President Trump recently signed an executive order to bar citizens of seven Muslim-majority countries (Syria, Iran, Sudan, Libya, Somalia, Yemen and Iraq) from entering the US. Just hours after the order, we began to hear stories of people across the world worried about getting back into the US from family visits, vacations, and research trips. Just a little while later, many people took to the streets, or more accurately, to the airports in protest. At the DFW airport, more than 100 lawyers even came to offer free legal help to those detained.
We have now been hearing more about how this ban might affect different institutions in the US and the constituencies they serve. One example is the Metropolitan Museum of Art—staffers are worried that “exhibitions, archaeological surveys and excavations” they have planned with institutions in the Middle East may have to be stopped or cancelled altogether. Additionally, the Sundance Institute Theater Program is worried about its collaborations with artists from the Middle East and Africa. Thomas P. Campbell, the director of the Metropolitan Museum of Art, spoke to the New York Times about the flow of ideas between institutions:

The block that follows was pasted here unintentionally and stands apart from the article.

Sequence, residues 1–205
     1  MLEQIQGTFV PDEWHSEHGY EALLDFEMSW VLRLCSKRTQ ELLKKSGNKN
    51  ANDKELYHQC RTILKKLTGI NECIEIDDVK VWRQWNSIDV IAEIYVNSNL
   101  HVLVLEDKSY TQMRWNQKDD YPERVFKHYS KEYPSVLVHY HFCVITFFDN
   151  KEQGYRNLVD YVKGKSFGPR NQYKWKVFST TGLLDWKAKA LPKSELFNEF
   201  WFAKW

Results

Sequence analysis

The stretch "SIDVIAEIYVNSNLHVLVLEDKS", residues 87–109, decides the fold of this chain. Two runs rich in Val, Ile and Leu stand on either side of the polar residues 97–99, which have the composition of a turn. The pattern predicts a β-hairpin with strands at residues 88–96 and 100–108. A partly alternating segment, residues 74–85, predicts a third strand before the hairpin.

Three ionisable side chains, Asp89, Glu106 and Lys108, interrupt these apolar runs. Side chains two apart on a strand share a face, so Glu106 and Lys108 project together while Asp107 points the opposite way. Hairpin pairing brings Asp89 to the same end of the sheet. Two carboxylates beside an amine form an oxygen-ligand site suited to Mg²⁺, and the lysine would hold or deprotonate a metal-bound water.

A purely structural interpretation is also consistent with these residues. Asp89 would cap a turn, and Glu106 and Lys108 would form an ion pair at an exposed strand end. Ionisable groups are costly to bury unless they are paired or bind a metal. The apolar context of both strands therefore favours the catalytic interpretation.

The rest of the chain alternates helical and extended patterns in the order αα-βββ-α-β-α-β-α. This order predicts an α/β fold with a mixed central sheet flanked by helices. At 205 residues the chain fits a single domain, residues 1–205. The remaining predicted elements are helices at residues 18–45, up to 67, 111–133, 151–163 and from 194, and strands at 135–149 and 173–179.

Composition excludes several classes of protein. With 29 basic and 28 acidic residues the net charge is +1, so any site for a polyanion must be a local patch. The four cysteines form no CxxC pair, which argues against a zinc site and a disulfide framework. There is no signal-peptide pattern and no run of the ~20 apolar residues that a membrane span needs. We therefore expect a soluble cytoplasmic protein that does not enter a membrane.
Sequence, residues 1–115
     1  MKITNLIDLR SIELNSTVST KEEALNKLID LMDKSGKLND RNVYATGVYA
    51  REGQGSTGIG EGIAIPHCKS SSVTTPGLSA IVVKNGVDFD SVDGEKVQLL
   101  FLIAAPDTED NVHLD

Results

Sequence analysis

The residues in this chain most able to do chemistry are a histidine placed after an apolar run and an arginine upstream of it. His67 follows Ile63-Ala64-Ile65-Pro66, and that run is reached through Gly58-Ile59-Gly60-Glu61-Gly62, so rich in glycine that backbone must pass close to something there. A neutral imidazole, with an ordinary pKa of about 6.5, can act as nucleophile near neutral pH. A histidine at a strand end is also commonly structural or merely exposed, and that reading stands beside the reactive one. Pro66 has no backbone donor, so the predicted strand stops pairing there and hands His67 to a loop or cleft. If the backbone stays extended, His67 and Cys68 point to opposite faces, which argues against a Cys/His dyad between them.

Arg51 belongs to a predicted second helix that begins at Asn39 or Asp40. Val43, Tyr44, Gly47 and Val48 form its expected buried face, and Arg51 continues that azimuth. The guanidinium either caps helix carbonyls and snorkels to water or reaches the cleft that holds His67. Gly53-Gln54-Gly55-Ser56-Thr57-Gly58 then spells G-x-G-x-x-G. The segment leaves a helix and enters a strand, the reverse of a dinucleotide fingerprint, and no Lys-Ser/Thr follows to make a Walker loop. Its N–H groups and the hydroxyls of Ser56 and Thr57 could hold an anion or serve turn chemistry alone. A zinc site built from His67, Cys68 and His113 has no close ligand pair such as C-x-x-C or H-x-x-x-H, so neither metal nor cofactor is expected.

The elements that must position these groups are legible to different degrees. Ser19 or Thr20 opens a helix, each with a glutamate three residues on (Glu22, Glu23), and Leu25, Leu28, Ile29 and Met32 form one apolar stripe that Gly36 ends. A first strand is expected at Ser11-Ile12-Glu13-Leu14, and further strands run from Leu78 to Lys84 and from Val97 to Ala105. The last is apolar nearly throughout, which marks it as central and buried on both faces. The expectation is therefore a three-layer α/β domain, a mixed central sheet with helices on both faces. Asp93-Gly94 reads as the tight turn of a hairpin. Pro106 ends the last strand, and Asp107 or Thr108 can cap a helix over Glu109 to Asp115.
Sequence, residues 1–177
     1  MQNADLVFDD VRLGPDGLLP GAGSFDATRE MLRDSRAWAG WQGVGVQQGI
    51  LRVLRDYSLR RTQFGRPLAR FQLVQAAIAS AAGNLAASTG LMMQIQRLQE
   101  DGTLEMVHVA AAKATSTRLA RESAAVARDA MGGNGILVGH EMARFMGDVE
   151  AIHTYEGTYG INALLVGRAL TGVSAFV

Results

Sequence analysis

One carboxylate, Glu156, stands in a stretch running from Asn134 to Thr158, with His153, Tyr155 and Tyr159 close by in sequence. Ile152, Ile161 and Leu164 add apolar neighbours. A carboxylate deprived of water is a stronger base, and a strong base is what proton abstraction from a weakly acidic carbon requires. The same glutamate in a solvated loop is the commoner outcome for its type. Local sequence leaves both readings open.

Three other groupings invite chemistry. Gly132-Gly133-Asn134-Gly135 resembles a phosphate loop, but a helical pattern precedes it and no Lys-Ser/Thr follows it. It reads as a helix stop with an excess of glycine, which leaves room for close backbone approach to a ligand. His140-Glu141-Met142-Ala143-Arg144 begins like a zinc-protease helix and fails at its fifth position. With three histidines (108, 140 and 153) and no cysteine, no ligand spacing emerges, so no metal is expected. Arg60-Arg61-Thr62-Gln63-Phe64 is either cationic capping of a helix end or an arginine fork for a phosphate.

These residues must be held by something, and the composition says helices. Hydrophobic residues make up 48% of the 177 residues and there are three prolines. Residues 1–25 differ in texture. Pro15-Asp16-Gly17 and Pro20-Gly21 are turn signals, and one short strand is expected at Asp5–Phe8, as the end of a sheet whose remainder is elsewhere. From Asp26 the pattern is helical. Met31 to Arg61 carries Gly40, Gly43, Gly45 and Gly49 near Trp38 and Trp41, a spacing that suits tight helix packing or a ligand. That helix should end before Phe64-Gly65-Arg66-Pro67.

Scholarly exchanges and international collaborations are key to our ongoing work, and we are very concerned that a number of programs we have in place could be threatened, just at a time when the world needs more, not less, exchange and mutual understanding.
Trump’s executive order is also deterring creatives from entering the US: Iranian director Asghar Farhadi, who is nominated for an Academy Award for his film The Salesman, has decided not to attend the award ceremony. He told the NYT that Trump’s decisions presented “ifs and buts which are in no way acceptable to [him] even if exceptions were to be made for [his] trip.” Farhadi’s 2011 film A Separation was the first Iranian film to win an Oscar. You can read Farhadi’s full statement here.